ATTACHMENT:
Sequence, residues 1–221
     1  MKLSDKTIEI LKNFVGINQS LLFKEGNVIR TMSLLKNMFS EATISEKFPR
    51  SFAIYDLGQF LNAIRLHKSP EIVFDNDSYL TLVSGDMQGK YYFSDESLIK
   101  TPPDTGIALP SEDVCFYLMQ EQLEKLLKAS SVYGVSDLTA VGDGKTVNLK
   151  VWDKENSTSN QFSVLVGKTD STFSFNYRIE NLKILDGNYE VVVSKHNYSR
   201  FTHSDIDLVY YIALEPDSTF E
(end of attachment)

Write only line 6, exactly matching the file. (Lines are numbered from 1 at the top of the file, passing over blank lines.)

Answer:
   201  FTHSDIDLVY YIALEPDSTF E